Valentine’s Day is a day of celebrating quality time with a sweetheart. Marketing experts come up with special promos to lure customers to shop and dine. It’s a happy day for lovers. But that doesn’t mean that single people are less happy on Valentine’s Day. They could even be happier to be alone and unaffected by marketing.
The origins of this festival of candy and cupids are actually dark, bloody — and a bit muddled. Though no one has pinpointed the exact origin of the holiday, one good place to start is ancient Rome, where men hit on women by, well, hitting them. From Feb. 13 to 15, the Romans celebrated the feast of Lupercalia. The men sacrificed a goat and a dog, then whipped women with the hides of the animals they had just slain. The Roman romantics “were drunk. They were naked,” says Noel Lenski, a historian at the University of Colorado at Boulder. Young women would actually line up for the men to hit them. They believed this would make them fertile. The brutal fete included a matchmaking lottery, in which young men drew the names of women from a jar. The couple would then be, um, coupled up for the duration of the festival — or longer, if the match was right. The ancient Romans may also be responsible for the name of our modern day of love. Emperor Claudius II executed two men — both named Valentine — on Feb. 14 of different years in the 3rd century A.D. Their martyrdom was honored by the Catholic Church with the celebration of St. Valentine’s Day. Later, Pope Gelasius I muddled things in the 5th century by combining St. Valentine’s Day with Lupercalia to expel the pagan rituals. But the festival was more of a theatrical interpretation of what it had once been. Lenski adds, “It was a little more of a drunken revel, but the Christians put clothes back on it. That didn’t stop it from being a day of fertility and love.” (Arnie Seipel, The Dark Origins of Valentine’s Day, npr.org)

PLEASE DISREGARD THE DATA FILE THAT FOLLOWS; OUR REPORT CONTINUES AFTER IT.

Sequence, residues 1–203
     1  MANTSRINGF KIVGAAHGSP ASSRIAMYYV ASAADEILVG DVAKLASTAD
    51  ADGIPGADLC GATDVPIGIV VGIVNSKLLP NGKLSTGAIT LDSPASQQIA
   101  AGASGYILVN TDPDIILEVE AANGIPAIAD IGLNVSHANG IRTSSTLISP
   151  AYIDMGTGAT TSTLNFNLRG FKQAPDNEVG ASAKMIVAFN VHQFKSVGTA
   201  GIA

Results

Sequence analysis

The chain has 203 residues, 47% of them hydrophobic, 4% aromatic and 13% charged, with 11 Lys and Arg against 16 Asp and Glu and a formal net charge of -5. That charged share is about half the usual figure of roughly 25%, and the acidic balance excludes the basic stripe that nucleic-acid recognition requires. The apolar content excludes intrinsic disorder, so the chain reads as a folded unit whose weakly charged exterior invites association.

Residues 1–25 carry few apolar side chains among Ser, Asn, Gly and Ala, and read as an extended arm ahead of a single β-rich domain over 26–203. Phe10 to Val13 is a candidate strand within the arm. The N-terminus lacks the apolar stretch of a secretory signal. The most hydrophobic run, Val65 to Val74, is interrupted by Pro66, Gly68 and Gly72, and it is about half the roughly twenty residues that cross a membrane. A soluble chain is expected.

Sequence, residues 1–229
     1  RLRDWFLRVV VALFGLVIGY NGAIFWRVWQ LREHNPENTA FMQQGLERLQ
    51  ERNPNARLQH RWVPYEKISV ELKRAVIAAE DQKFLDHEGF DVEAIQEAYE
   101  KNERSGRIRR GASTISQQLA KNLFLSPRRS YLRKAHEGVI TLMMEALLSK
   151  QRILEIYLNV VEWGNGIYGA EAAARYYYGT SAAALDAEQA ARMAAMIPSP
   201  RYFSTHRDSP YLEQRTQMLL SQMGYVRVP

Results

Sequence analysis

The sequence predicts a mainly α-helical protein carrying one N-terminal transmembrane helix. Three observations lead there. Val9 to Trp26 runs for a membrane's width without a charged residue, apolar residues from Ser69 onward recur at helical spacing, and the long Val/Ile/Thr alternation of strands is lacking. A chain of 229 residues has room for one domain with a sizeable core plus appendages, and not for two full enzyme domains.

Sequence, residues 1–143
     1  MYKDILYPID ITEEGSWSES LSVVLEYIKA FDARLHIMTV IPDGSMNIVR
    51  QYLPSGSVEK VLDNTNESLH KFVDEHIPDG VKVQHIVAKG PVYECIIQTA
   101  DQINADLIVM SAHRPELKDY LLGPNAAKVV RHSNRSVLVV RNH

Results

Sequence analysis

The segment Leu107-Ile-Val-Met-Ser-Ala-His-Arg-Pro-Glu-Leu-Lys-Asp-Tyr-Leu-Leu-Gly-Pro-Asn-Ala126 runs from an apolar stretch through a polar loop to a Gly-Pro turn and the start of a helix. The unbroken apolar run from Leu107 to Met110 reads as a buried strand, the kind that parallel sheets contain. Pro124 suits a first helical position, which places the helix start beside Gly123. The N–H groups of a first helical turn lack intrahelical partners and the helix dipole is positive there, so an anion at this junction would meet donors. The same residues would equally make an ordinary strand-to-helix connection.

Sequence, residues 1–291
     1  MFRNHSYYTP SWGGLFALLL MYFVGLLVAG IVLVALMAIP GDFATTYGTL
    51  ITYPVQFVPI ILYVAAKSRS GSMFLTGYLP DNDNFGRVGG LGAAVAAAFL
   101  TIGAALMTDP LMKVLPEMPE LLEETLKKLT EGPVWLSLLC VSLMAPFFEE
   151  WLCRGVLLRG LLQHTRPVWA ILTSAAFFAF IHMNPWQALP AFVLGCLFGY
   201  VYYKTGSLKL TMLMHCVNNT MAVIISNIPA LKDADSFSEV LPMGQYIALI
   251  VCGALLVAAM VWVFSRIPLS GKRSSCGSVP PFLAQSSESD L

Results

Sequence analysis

Authors like Chaucer and Shakespeare popularized Valentine’s Day with their works and contributed to its transformation into a holiday of matchmaking and gift giving. During the 17th and 18th centuries, the holiday began resembling its modern consumer-oriented incarnation. While the common folk exchanged cards and turned to divinations to reveal their future romantic partners, the aristocracy engaged in more sophisticated activities. In the European courts, where elaborate displays of fashion and style were already common, the holiday was celebrated by gifting expensive presents to selected people called “Valentines” and “the formal offering of compliments in rhyme and verse.” In the 1840s, an American newspaper called The Public Ledger endorsed the holiday saying that people needed “more soul-play and less head-work” and more opportunities that allowed for an “abandon of feeling.” The meaning of “valentine” transformed from signifying a person to referring to an object of exchange. In the following decades, the marketing machines of many companies turned their wheels to lure more and more customers into celebrating the holiday, and convince them to purchase valentines—in the forms of cards, chocolates, flowers, and jewelry—for their loved ones. Nowadays, even for the non-celebrating or single individual, there is plenty of anti-Valentine merchandise to go around (Teodora Zareva, How did Valentine’s Day become so commercial—and is it a bad thing?, bigthink.com).
Valentine’s Day has been commercialized but to many people it’s still a very important day.
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